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Citizen Perspectives On The National Dialogue In South Sudan

Citizen Perspectives on the National Dialogue in South Sudan

This report provides an overview of the National Dialogue in South Sudan with a focus on citizen
perceptions of the process. 

Main recommendations of the report; 

To the custodians of the National Dialogue’s outcomes

  • Continue to invest efforts into securing the support of the leadership on all sides of the political
    divide, including officials in the incumbent government, opposition groups that are now party
    to the R-TGONU and non-signatories to the R-ARCSS. Political inclusivity is as important now
    as ever. Any additional buy-in that can be secured can contribute to the implementation of the
    National Dialogue outcomes.
  • Develop plans for civic engagement efforts to raise awareness about the National Dialogue and
    its outcomes. The efforts invested into implementing a bottom-up process could be lost if people
    are not kept informed about the impact that it has had and lose confidence in the process. Any
    such civic engagement efforts should extend to opposition-controlled areas and rural areas where
    people may be less aware of the National Dialogue.
  • Continue to explore opportunities for coordinating activities with R-JMEC and other
    transitional institutions created under the umbrella of the R-ARCSS. Take stock of areas where
    the various initiatives and complement and reinforce one another and where they must
    be deconflicted and design implementation mechanisms accordingly.
  • Proceed with plans to convene an annual national conference to review progress towards
    implementation of the National Dialogue’s outcomes.

To the R-TGONU

  • Formalize the National Dialogue outcomes through appropriate procedures, including the
    enactment of legislation. Establish a robust implementation mechanism and provide it with the
    political and financial support necessary to conduct its work.
  • Ensure that future transitional processes, including the constitutional development process and
    the truth and reconciliation process, study the National Dialogue and learn from its strengths
    and weaknesses. Take steps to insulate delegate selection processes from political interference,
    include appropriate oversight mechanisms, and invest into increasing their outreach in rural areas.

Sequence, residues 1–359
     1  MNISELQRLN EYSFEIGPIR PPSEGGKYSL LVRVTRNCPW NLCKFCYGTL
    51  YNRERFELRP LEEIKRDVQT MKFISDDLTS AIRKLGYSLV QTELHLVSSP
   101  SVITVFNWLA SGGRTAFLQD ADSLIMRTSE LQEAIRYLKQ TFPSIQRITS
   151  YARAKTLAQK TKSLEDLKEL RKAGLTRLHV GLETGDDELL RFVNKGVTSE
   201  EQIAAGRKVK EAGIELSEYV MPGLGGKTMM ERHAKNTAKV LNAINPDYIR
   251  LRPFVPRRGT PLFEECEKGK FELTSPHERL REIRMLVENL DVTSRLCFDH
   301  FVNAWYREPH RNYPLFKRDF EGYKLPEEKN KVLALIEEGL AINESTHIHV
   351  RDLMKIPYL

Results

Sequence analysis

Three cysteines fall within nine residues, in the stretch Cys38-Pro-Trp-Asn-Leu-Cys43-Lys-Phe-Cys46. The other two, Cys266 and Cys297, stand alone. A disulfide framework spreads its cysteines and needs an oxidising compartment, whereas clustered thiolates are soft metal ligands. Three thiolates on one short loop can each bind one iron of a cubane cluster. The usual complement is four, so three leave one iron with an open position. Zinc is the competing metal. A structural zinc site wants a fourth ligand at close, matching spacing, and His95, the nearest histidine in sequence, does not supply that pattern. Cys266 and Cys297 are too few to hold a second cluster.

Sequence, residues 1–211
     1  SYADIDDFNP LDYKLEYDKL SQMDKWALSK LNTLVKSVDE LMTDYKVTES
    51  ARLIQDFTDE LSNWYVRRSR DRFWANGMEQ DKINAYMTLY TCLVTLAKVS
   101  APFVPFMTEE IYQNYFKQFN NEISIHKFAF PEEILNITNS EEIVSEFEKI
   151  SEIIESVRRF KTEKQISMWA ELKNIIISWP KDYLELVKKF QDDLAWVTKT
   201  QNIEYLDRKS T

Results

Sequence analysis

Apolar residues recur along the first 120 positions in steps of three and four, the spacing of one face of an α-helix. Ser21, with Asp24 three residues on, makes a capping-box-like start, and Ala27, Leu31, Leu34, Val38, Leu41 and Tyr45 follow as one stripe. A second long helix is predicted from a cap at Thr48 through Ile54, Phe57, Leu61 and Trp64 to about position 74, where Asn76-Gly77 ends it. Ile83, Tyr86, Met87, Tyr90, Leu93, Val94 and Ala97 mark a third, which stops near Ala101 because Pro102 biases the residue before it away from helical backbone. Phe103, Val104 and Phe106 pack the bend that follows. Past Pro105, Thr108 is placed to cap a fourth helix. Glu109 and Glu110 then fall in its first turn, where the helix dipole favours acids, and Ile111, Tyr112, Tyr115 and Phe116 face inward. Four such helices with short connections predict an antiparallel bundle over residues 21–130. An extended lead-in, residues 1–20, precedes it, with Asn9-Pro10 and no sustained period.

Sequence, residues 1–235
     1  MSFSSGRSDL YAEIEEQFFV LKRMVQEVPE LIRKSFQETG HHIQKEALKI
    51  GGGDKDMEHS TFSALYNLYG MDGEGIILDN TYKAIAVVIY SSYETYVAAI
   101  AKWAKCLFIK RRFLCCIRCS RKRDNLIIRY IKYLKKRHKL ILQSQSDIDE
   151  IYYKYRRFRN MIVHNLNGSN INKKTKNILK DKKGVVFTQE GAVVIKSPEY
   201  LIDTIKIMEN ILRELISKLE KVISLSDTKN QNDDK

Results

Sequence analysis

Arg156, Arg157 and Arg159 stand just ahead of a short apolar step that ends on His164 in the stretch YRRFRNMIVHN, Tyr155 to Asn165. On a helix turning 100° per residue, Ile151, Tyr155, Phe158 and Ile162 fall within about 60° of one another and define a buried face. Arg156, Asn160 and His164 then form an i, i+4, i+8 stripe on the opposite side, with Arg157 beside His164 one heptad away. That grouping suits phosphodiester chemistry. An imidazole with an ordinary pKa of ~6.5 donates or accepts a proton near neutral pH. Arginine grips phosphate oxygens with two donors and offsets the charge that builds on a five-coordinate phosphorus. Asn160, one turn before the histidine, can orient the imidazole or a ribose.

To civic actors in South Sudan

  • Work with the custodians of the National Dialogue to engage citizens on the process, it
    outcomes, and the way forward.
  • Conduct outreach among national, regional and international policymakers to support the
    implementation of the National Dialogue’s outcomes and to ensure that other transitional
    processes make maximum use of the lessons learned from the National Dialogue.

To South Sudan’s international partners

  • Provide political and financial support to the National Dialogue’s outcomes. The National
    Dialogue has provided a wealth of information to begin thinking about what state and nation-building efforts in South Sudan might focus on moving forward. South Sudan’s international partners should incorporate this thinking into their strategies for the country.
  • Work with regional mediators and R-JMEC to find ways of maximizing the complementarities
    between the National Dialogue and the peace process.
  • Support the custodians of the National Dialogue’s outcomes to collate, analyze and promote
    the National Dialogue’s recommendations and resolutions among South Sudanese and
    other interested parties. Reach out to research institutions and other interested third
    parties to study primary source material from the grassroots consultations, regional dialogues,
    national conference and other activities of the National Dialogue and process it in a way that can
    maximize its utility moving forward. The establishment of a searchable database of the primary
    and secondary source material from the National Dialogue could help to facilitate such efforts.

Download the full report here: Citizen Perspectives on the National Dialogue in S Sudan – FINAL 

 

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